FLATLEY FOOTED: Here in town, you can catch “Riverdance” sensation Michael Flatley’s future-forward evolution of the concept, “Lord of the Dance: Dangerous Games.” Yes, you get the spectacle of Flatley’s trademark tightly-synced hyperjigs (though not from Flatley himself, he’s retired), but you also get a massive flatscreen backdrop, all kinds of “world champion acrobats” flying around, plus rainbows, unicorns, and “dancing robots” — none of which, it bears mentioning, appear in that Tennessee Williams play I was all excited about two minutes ago. Of course, you can do both; this is a one-night-only affair at the Emerson Colonial Theatre (Friday, to be specific). Get tickets here.
HIGH SCORE: While we’re in a futurist mode, around the corner through Saturday you can catch “Permadeath,” the ambitious tech-boosted new “video-game opera” from librettist and impresario Cerise Lim Jacobs (“Madame White Snake,” “REV. 23”) and composer Dan Visconti that uses facial motion capture technology (as well as a companion augmented-reality app) to bring its cast of animated characters to life — which isn’t as unlimited as we thought, no matter what cheat code you have. (Please, no chucking your controllers at the stage; it’s only an opera.) More information and tickets here.
SPACE CADETS: With its new location in Union Square open for funny business, The Comedy Studio is putting the “LOL” in Somerville. So now it will have to be known as Somerlolville. Or maybe Somervilole? I'm going to get back to you on this. What’s important is that they’re up and running, and on Friday and Saturday they’ll fill the stage with a bunch of up-and-coming chuckleheads (including Geoffery Asmus, Mike Dorval, Tooky Kavanagh, Brian Longwell, Amy Tee, Kathleen DeMarle, Mark Gallagher, and Al Park) as well as “Comic in Residence” Liam McGurk. Go check out the space and meet your new neighbors. Truth be told, they would have preferred a Comedy Two Bedroom, but this is Slolmerville, after all. (Nailed it.) More info here.
ONE IN A MILNE: Lay off the honey this weekend so you don’t get so stuck in your “howse” that you can’t make it to the MFA, where “Winnie-the-Pooh: Exploring a Classic” is on view through Jan. 6. This comprehensive wander through the “history and universal appeal” of A.A. Milne’s beloved teddy bear assembles drawings, letters, photographs, early editions, and all kinds of Pooh ephemera into a spectacle that might even make Eeyore crack a smile. What’s that? You didn’t hear any of that through the walls of the honey pot on your head? Oh, bother . . . (more info here).
OR STAY IN! Globe TV critic Matthew Gilbert calls the new 10-episode Netflix series “Maniac” a “fascinatingly trippy” tale directed and co-written by Cary Joji Fukunaga (“True Detective”) and starring Emma Stone and Jonah Hill as two participants in a pharmaceutical drug trial. “While you’re working to process all the strange twists and turns in the story,” he writes, “you’ll have plenty of spectacle to be dazzled by.”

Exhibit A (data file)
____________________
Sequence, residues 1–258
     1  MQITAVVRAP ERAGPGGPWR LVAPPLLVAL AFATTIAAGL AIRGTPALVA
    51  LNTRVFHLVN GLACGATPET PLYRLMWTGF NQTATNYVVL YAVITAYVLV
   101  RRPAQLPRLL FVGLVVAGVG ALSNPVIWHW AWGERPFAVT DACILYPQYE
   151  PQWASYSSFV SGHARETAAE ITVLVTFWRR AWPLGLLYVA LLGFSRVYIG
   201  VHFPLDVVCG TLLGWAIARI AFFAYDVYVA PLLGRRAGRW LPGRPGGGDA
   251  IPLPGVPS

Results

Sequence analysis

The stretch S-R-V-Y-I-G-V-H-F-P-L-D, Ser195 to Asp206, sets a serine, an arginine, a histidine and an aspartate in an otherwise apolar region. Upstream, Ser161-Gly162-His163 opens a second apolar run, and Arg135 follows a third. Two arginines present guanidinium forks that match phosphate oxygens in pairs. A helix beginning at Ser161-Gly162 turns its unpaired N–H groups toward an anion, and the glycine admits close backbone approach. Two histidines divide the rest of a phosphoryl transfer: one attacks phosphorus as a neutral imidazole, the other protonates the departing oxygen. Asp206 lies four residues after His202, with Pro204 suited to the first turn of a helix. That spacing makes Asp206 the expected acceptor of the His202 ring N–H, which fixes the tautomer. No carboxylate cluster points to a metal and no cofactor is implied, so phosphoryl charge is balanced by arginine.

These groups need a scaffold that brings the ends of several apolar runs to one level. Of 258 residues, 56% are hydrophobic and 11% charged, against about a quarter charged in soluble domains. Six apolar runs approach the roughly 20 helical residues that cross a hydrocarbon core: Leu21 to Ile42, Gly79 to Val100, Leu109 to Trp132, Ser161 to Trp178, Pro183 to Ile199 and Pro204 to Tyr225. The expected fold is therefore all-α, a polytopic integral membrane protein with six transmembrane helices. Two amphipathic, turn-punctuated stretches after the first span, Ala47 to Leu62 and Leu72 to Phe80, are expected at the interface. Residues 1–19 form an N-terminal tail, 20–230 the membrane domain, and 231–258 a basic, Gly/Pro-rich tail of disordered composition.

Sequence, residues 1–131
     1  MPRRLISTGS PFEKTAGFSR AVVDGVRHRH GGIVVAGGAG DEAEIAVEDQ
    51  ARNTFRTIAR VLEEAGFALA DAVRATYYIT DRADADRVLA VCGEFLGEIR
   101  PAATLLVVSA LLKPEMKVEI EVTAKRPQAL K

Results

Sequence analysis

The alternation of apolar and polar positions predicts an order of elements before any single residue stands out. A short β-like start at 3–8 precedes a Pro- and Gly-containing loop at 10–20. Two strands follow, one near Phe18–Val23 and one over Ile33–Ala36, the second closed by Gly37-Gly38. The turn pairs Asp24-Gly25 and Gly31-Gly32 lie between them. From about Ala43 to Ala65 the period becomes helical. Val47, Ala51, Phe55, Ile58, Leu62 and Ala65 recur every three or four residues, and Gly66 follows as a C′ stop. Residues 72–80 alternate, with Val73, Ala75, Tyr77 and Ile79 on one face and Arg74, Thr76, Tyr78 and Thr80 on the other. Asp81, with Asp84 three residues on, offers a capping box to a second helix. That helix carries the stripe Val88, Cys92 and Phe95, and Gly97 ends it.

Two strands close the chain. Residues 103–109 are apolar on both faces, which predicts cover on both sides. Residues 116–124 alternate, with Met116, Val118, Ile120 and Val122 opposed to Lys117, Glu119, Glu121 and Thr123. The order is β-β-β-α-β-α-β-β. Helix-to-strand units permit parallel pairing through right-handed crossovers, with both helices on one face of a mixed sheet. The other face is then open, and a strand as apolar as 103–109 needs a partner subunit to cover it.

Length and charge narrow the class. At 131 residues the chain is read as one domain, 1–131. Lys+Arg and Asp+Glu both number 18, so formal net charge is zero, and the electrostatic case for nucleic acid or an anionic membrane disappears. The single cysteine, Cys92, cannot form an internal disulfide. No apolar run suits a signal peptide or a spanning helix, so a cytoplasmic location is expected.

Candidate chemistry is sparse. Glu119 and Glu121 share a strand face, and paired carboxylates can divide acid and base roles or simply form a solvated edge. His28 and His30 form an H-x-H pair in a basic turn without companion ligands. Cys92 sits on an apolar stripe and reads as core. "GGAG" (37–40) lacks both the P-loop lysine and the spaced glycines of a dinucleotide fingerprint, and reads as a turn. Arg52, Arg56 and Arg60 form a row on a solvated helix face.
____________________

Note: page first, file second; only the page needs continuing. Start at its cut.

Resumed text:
Slightly less trippy, but still a trip is the four-disc set “An American Treasure,” which assembles lost takes, live performances, and previously unheard songs from the late, great Tom Petty, as compiled by friends, family, and longtime collaborators. “In a way,” writes Stuart Munro, “you see these family members and decades-long musical collaborators and friends coming to terms with their loss through the music that Petty made.
And slightly more trippy is “For My Crimes,” the eighth album from Jamaica Plain’s own Marissa Nadler, a collection of songs that Globe contributor Isaac Feldberg says “vividly situate what’s to come within the same gothic soundscape that’s long defined her brand of dreamy folk-rock.”
And that, begrudgingly layered Weekenders, is all I’ve got for you this time. Although — since you’ve got that fetching fall ensemble on, you might as well take it to the Berklee Beantown Jazz Festival, the giant free yearly block party bringing together top jazz talents and running all day Saturday on Columbus between Mass. Ave. and Burke Street. (All the info is here.)
I just shook out the rest of my jacket pockets, and that’s seriously all I’ve got apart from some CVS receipts from last winter. (Here we go again.) However you decide to spend your weekend, make it one you’ll miss come Monday.
See you next week!Michael Andor Brodeur can be reached at firstname.lastname@example.org. Follow him on Twitter @MBrodeur.